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Evidence Not Collected in Young Murder Case

Posted May 3, 2007

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— Evidence that could be used to convict whomever killed Michelle Young was never collected, even though a document that accompanied her body to the medical examiner's office shows investigators asked for it.

According to the pathology sheet, obtained Thursday by WRAL, agents with Wake County's City-County Bureau of Investigation, requested tests to determine whether Young had either been sexually assaulted or had sex prior to her death.

Young, 29, was found dead inside her south Raleigh home on Nov. 3. An autopsy later revealed she died from blunt force trauma to the head. Authorities still have not made an arrest in the case.

Sexual assault kits are normally only performed when there is obvious evidence at the crime scene or on the victim's body. Otherwise, investigators must request those tests.

Young was fully clothed when her body arrived at the Office of the Chief Medical Examiner.
The CCBI, which collects forensic evidence in all homicide cases, asked for several types of evidence from the autopsy: blood, hair (both head and pubic), clothing and the sexual assault kit.

CCBI Director Sam Pennica said his agency also made the request to a member of the medical examiner's staff, but for some reason, the sexual assault tests were never performed. If it is collected during an autopsy, it is indicated on the autopsy report, but there was no mention of a sexual assault examination on Young's report.

"The medical examiner is in charge of the body, not us," Pennica said. "We can only request what we would like to have -- what we feel is important to the investigation."

In criminal cases, investigators try to get as much evidence as possible to identify and eliminate suspects.

Legal experts say that when the case goes to trial, a lack of evidence, such as the sexual assault kit, could cast reasonable doubt for a jury and make it difficult for a conviction.

"Certainly, it leaves an area of unanswered questions," Pennica said.

Investigators, however, do have other methods of obtaining the evidence.

It's unclear why the evidence was not collected and Chapel Hill's chief medical examiner, Dr. John Butts, doesn't know, because he said he has not had a chance to talk to pathologist Dr. Thomas Clark, who performed the autopsy, about that piece of evidence.

"I wasn't there," he said. "If a decision was made not to collect that kit, I don't know why that decision was made."

Butts did say, however, that requests on the pathology sheet often change once a body is ready for autopsy. But those requests aren't always documented on the sheet and that the sheet isn't always used during the autopsy.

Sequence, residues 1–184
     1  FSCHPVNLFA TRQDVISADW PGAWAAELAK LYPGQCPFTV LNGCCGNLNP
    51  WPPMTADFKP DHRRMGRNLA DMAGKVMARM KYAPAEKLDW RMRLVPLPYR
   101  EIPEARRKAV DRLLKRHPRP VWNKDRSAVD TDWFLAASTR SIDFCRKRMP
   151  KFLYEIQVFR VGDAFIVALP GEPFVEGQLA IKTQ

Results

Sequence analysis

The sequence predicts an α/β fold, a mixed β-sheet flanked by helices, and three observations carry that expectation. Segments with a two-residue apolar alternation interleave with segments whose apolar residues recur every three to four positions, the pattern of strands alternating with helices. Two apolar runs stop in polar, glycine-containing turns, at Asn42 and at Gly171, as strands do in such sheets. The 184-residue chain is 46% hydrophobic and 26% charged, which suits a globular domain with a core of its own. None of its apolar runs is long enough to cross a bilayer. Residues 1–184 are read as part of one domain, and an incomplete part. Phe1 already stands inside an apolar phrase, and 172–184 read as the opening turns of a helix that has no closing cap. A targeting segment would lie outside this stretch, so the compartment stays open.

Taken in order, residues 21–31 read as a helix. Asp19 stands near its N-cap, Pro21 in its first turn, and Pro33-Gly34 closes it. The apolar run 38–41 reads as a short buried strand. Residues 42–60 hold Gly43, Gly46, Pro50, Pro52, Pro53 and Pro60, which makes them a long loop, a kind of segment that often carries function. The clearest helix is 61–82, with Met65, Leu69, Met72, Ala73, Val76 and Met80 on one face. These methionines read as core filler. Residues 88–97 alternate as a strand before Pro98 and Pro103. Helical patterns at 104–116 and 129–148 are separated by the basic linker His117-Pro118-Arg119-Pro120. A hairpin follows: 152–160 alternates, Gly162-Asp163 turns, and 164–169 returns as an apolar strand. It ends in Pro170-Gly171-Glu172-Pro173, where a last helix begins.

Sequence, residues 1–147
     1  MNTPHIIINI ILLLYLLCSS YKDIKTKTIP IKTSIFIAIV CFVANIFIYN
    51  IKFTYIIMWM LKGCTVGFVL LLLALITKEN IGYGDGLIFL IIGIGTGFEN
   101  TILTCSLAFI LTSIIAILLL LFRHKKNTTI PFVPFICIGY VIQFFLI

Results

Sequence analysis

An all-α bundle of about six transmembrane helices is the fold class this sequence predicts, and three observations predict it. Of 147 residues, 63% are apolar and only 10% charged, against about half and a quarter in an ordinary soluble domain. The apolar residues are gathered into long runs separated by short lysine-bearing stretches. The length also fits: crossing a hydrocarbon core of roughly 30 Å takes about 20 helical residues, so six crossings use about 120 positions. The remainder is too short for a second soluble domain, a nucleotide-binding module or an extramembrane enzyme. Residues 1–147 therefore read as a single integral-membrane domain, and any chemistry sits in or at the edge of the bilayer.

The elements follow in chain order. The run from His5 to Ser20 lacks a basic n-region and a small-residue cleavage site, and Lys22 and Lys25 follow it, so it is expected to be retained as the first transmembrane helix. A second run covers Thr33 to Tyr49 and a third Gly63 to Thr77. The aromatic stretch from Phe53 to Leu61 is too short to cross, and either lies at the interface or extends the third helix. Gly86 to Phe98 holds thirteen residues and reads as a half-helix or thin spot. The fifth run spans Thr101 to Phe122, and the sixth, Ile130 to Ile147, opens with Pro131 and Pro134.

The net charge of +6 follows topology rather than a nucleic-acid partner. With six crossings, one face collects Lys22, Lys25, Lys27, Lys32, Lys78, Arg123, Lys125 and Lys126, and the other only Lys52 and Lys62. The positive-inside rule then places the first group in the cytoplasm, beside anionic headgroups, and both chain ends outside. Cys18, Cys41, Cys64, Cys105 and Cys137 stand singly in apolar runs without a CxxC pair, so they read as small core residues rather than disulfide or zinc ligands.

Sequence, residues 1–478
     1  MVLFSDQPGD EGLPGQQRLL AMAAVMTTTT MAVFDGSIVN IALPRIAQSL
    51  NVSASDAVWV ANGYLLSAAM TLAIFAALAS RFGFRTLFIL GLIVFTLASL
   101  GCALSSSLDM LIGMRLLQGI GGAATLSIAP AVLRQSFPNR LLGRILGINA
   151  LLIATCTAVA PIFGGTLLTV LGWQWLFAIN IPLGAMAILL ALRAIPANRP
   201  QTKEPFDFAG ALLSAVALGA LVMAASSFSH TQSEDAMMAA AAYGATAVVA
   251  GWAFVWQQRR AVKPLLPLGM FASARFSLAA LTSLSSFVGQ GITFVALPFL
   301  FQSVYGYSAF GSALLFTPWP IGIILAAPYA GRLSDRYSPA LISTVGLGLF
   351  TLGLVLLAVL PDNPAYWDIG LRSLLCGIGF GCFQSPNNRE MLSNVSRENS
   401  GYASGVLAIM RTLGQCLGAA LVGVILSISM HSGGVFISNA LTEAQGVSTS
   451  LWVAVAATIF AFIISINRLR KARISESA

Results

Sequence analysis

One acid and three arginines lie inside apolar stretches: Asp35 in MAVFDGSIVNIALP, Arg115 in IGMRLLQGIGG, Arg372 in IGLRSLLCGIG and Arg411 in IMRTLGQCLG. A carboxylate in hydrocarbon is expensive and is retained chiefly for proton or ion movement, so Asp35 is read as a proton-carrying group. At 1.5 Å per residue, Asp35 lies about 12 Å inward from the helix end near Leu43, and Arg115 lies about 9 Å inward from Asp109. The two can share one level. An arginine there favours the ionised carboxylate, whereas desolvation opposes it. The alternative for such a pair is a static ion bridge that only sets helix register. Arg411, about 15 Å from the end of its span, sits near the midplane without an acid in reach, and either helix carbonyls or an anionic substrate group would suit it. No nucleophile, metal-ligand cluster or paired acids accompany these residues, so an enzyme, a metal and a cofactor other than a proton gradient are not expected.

"The fact that someone checked something doesn't mean that request was conveyed to us," he said.

48 Comments

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  • ok4now May 5, 2007

    It is quite possible that some preliminary "strip" testing on Michelle and testing of her clothes came up negative. If and when an arrest is made, I don't believe guilt or innocence will be decided on whether the full SA test was performed. LE will get their man.

  • sickofstupidpeople May 5, 2007

    Ummmm.... CCBI missed the tooth, not the police, and not the sheriff.

  • Jackstwin May 4, 2007

    Wasn't there a tooth found that police had missed? Were tests done on it or was it even kept?

  • Byrdman May 4, 2007

    Theelz, someone didn't drop the ball, they punted it into the stands

    No rev., the crime scene were at fault for not finding the tooth, and the hammer. Blame whoever you want, blame yourselves for being ignorant

    Gupp, if he is innocent why didn't he attend either memorial service for his wife in NY?

    This is an absolute injustice and the only ones to blame are yourselves, as north Carolinians, for being so ignorant to allow these incompetent people to hold office/jobs.

  • Juliett May 4, 2007

    Gupp, I am so sorry for your loss.

  • Gupp May 4, 2007

    I honestly do not believe Jason could do something like this. I have known him about 13 years..went to college with him..lived in the same dorm..worked with him. I do feel for him. losing a spouse is one of the hardest things you can go through. I know this because mine passed last year also. I feel also for her family. I just hope no blame is placed until the truth is found out.

  • gi jane May 4, 2007

    @sammy12

    If they find DNA on her then it is significant b/c he was supposed to be out of town when it happened so if they found it then it could mean he was at the crime scene? I dont know the life of DNA or if he could say that if they found something incriminating he could say it was from before his trip? I dont know. Just a guess.

  • davidgnews May 4, 2007

    More bumbling.

    Most anytime you find a murder like this, it's 'personal.'

    Go figure.

  • Doctor Dataclerk May 4, 2007

    Surely the body could be exumed and the evidence collected now and as someone else said, without an arrest or even a suspect, it doesn't really matter at this point.

  • wrx44 May 4, 2007

    Dayum...the husband is the suspect...who do you think. Just cause the police do not announce it publicly. He did it...they all know he did it...they are correctly focusing on him. They know he'll get a good lawyer, so they are taking their time to ensure they have their ducks in a row to win the case.

    Just like the Miller-Kontz case....everyone knew she was involved...it just took years to get enough evidence to win in court.

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